Five reasons Android can fail

Five reasons Android can fail

Summary: I want Android to succeed and grow, but the way things are going, I'm beginning to doubt that it will thrive in the long run.

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I use Android every day both on my Droid II smartphone and my Barnes & Noble Nook Color e-reader/tablet. I like it a lot. But, I also have concerns about how it's being developed and being presented to customers.

Before jumping into why I think Android faces trouble in the long run, let me mention one problem I don't see as standing in Android's way: The Oracle lawsuits Yes, Oracle claims that Google owes them billions in damages for using unlicensed Java technology in Android's core Dalvik virtual machine.

I follow patent lawsuits and here's what going to happen with this one. It will take years and millions of dollars in legal fees, but eventually Google will either beat Oracle's claims or pay them hefty licensing fees. So, yes, one way or the other Google, and to a lesser extent Oracle, will spend hundreds of millions on this matter before it's done. But, so what?

The mobile technology space is filled with patent and licensing lawsuits. When I checked on these lawsuits in mid-October there were dozens of them. Since then, Apple has sued Samsung; Dobly has sued RIM; and Lodsys, a patent troll, vs. Apple and all its iOS developers, By the time I finish writing this column someone will probably have sued someone else!

The end-result of all this, besides lining the pockets of lawyers, is that we're all going to have pay more for our tablets and smartphones. It doesn't matter who wins or who loses. Thanks to the U.S.'s fouled up patent system, everyone who's a customer, everyone who's a developer, and everyone's who in business to make something useful is the loser.

That said, here's where Android is getting it wrong.

1. Too many developer versions

When Google first forked Android into two versions--The 2.x branch for smartphones and the 3.x for tablets--I didn't like the idea. I like it even less now.

According to the Android Developers site, there are eight (8!) different versions of Android with market presence. If we ignore the out-dated Android 1.5 and 1.6, that still leaves us with six shipping versions that a developer needs to keep in mind when he or she is creating or updating a program. In the case of the 2.x and 3.x lines that's a lot of work. Oh, and yes there are now two versions of 3.x: 3.0 and 3.1.

Currently used versions of Android.

Currently used versions of Android.

Who can keep up with this? I couldn't. But, wait there's more!

2. Too many OEM versions

You'd think that Android 2.2 on a Droid II would be the same on the Samsung Galaxy Pro. You'd think wrong. Every original equipment manufacturer (OEM) insists on tweaking the software and adding their own particular programs to each phone. Sometimes, as James Kendrick points out, the same hardware doesn't even work with Android on the exact same model.

Kendrick has found that the useless microSD card slot in the Motorola XOOM, even after its Android 3.1 update, still doesn't work. Or, to be exact, it won't work in the U.S. In Europe, XOOM users will get a fix that will let them use microSD cards.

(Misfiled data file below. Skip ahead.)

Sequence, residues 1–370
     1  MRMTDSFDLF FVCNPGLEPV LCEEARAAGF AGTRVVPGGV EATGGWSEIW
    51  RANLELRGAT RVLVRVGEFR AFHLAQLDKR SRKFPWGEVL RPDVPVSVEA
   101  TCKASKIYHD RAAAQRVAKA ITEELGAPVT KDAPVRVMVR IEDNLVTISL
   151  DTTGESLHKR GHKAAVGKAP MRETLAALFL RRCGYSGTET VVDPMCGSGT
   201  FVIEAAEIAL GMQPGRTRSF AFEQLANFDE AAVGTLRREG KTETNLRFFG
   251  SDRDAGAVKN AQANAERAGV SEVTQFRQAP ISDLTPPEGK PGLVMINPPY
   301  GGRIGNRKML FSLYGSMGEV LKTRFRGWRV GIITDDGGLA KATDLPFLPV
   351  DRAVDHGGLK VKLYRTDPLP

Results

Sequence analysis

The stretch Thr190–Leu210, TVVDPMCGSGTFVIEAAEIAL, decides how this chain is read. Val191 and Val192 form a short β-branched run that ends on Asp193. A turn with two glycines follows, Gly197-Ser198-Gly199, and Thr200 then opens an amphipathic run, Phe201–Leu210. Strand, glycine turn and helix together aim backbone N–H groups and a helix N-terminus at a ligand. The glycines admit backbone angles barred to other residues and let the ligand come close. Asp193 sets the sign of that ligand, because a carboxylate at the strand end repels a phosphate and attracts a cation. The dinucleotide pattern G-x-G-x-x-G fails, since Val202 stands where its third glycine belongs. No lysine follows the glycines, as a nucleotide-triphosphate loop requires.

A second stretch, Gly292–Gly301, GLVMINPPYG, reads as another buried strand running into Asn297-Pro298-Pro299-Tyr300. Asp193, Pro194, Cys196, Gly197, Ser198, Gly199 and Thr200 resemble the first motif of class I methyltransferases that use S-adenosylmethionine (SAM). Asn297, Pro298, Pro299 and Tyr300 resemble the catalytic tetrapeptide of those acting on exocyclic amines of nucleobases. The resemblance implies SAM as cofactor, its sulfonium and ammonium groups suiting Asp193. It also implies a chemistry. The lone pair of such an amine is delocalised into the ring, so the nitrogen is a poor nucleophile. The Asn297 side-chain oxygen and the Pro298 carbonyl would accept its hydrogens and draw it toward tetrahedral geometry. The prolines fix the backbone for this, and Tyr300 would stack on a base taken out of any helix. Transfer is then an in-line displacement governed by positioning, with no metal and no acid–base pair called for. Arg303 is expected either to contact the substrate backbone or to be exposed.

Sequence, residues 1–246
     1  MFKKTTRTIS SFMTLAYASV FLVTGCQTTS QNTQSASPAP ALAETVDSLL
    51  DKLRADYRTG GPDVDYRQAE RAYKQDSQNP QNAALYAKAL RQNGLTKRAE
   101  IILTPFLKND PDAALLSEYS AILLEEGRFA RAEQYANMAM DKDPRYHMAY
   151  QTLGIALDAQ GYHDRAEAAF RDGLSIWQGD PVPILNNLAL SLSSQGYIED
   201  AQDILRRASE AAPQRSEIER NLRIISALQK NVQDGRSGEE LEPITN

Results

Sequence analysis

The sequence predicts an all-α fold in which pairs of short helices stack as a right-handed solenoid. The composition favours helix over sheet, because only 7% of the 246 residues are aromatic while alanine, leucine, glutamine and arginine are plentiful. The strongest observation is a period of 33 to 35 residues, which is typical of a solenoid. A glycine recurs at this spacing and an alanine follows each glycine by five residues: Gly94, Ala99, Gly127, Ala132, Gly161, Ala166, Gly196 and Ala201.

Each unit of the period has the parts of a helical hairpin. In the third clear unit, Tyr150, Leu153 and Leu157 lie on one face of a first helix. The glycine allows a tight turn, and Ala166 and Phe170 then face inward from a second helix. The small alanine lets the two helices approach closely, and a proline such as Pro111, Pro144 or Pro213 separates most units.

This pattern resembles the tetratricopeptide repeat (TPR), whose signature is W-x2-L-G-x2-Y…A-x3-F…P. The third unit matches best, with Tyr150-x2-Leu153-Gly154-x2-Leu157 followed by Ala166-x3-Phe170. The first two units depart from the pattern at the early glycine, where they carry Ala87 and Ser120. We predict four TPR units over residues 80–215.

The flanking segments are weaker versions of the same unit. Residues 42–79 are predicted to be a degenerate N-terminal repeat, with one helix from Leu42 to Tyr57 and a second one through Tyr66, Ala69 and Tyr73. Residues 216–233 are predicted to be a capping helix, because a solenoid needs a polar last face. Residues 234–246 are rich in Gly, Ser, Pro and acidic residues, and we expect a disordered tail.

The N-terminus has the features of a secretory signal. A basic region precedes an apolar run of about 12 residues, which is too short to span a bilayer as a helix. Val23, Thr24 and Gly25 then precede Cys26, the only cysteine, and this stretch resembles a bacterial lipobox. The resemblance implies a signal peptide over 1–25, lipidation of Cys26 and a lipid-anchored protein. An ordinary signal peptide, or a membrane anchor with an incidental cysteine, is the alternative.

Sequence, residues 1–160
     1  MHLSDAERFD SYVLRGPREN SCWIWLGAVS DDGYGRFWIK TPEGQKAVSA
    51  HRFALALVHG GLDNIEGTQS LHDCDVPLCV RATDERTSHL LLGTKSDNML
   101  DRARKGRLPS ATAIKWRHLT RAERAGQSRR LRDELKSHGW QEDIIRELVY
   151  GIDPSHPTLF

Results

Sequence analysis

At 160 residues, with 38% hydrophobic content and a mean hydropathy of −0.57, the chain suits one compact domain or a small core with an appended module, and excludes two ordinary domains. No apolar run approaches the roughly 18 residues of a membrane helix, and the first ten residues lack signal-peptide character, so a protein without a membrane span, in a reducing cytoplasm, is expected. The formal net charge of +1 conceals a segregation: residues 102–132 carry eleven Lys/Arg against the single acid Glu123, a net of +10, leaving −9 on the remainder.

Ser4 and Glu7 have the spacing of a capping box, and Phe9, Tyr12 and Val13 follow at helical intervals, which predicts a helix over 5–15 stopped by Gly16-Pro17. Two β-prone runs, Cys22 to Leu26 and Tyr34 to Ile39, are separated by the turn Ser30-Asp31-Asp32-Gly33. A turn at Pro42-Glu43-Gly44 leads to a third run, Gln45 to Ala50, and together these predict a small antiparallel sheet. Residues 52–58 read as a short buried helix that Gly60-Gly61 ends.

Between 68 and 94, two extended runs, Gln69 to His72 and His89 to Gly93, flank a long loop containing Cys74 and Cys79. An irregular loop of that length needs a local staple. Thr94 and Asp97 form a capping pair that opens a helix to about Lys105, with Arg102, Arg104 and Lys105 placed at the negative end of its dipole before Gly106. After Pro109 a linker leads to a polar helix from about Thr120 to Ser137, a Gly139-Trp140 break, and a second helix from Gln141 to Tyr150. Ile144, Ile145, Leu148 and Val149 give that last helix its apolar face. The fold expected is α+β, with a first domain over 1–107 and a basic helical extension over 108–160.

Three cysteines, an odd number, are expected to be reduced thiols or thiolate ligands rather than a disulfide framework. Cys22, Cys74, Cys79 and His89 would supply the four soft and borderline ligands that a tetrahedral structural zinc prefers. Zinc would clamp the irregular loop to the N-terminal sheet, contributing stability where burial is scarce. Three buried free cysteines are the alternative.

Argh!

Here's a history lesson for Google and the rest of the movers and shakers of Android. I've seen a "common" operating system used in this way before during a technology boom. Once, it was with the pre-PC microcomputers. They all ran CP/M-80, but every vendor had their own little tricks they added to make their computers "better." Then along came PC-DOS, soon to be followed by MS-DOS, and all those companies-KayPro, Osborne, and IMSAI-became answers in computer trivia games.

How did Microsoft make its first step to becoming the Evil Empire? By delivering the same blasted operating system on every PC. If users can't count on using the same programs and the same hardware accessories, like microSD cards, on Android, they're not going to stick with Android devices. If things don't get better with Android, who knows, maybe Windows 8 will have a shot on tablets after all!

Page 2: [Open Source, Security & Pricing] »

Open Source, Security & Pricing

3. Still not open enough

Google, for reasons that still elude me, decided not to open-source Android 3.x's source code. This is so dumb!

I'm not talking about playing fast and loose with open-source licenses or ethics-so Google really stuck its foot into a mess with this move. No, I'm saying this is dumb because the whole practical point of open source make development easier by sharing the code. Honeycomb's development depends now on a small number of Google and big OEM developers. Of them, the OEM staffers will be spending their time making Honeycomb, Android 3.0, work better with their specific hardware or carrier. That doesn't help anyone else.

4. Security Holes

This one really ticks me off. There is no reason for Android to be insecure. In fact, in some ways it's Not insecure. So why do you keep reading about Android malware?

Here's how it works. Or, rather, how it doesn't work. Android itself, based on Linux, is relatively secure. But, if you voluntary, albeit unknowingly, install malware from the Android Market, your Android tablet or smartphone can't stop you. Google must start checking "official" Android apps for malware.

Google has made some improvements to how it handles Android malware. It's not enough.